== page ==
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BMI Sarum Road Hospital Good

All reports

Inspection report

Date of Inspection: 7 November 2012
Date of Publication: 4 December 2012
Inspection Report published 4 December 2012 PDF

People should be cared for in a clean environment and protected from the risk of infection (outcome 8)

Meeting this standard

We checked that people who use this service

  • Providers of services comply with the requirements of regulation 12, with regard to the Code of Practice for health and adult social care on the prevention and control of infections and related guidance.

How this check was done

We looked at the personal care or treatment records of people who use the service, carried out a visit on 7 November 2012, observed how people were being cared for and checked how people were cared for at each stage of their treatment and care. We talked with people who use the service and talked with staff.

Our judgement

People were cared for in a clean, hygienic environment.

Reasons for our judgement

There were effective systems in place to reduce the risk and spread of infection. All personal protective equipment was available for staff. During our visit we observed this being used appropriately.

All staff showed awareness for good hand hygiene. We saw that antibacterial gel dispensers were available in prominent places around the hospital for the use of staff, patients and visitors. Laminated posters demonstrating good hand hygiene techniques were displayed above hand wash sinks. A member of staff described to us the hand hygiene teaching session they had organised and delivered. All staff we spoke with told us they had taken part in infection prevention and control training.

There was a dedicated Central Sterile Supply Department (CSSD) which ensured that sterile equipment was available for procedures carried out at the hospital. All instruments were decontaminated off site with collections and deliveries twice a day. Staff we spoke with felt that this routine was acceptable. In an emergency, they told us, a four hour turn around time was possible. The CSSD had a fulltime member of staff who ensured that the appropriate equipment was decontaminated and available when required. This person had undergone specific training for their role. The service, as far as it was able, used single use instruments, especially for endoscopic (keyhole) surgery. This meant the medical device was used for an individual patient during a single procedure and then discarded.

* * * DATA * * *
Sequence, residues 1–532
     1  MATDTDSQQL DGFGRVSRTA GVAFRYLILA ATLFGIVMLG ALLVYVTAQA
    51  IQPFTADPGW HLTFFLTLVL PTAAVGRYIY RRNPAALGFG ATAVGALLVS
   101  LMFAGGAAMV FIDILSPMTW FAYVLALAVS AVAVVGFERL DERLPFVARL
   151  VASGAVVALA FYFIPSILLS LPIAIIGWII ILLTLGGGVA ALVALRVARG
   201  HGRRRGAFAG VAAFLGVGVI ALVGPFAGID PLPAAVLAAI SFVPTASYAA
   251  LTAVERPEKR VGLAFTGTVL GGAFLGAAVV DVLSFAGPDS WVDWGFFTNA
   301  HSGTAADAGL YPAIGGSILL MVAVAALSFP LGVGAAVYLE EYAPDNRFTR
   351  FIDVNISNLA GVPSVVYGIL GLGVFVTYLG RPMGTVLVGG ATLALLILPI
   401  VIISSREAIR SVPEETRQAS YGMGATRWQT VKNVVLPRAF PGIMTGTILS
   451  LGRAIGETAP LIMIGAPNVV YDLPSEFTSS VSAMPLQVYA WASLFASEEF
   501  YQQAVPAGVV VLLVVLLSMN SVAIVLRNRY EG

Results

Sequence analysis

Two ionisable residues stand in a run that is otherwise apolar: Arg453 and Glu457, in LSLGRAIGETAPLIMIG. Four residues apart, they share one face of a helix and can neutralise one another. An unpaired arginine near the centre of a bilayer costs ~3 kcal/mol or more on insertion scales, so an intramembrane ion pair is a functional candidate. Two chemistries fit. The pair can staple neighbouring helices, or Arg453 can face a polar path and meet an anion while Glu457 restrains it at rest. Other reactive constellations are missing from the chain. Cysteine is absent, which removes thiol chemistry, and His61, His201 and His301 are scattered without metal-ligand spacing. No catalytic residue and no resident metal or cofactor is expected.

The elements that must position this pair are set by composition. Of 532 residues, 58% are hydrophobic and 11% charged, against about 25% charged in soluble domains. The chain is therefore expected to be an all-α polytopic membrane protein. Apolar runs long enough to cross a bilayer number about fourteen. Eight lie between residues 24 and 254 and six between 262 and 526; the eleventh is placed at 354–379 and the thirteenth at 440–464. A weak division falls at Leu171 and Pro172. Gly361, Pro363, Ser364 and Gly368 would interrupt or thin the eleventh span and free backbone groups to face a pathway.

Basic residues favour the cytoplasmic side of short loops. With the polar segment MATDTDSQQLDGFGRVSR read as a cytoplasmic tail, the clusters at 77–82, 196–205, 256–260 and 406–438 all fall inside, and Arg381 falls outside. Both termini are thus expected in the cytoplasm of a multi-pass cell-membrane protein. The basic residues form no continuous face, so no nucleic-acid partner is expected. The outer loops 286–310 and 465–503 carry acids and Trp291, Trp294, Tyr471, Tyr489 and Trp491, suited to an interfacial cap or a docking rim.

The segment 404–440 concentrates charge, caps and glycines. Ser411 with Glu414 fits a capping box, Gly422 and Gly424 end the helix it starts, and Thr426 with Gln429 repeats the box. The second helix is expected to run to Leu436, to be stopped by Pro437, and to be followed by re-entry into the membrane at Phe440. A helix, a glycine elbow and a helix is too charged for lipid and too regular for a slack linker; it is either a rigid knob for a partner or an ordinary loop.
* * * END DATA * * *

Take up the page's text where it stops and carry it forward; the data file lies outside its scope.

We saw that in theatre there were procedures in place to keep clean and dirty instruments separate. This was made easier by the design of the building. We were told by staff that the segregation of instruments was strictly maintained. We also observed this in practice.

The service had systems in place to monitor the prevention and control of infection. The service had an infection control policy which named the person who was head of infection prevention and control. Staff we spoke with knew who was responsible for infection prevention and control and were aware of how to contact them for help and advice. Each hospital department had a link nurse for infection prevention and control. We saw a recent infection control audit which had been completed. No areas for improvement had been identified in the audit report. Infection control link meetings took place every two months.

The service had a contract for the disposal of various types of hazardous and clinical waste. We were able to see consignment notes and quarterly returns which confirmed that waste was collected regularly. The service also had a waste management policy which was regularly reviewed. The service had appointed a senior member of staff as waste officer to oversee the implementation of the waste management policy.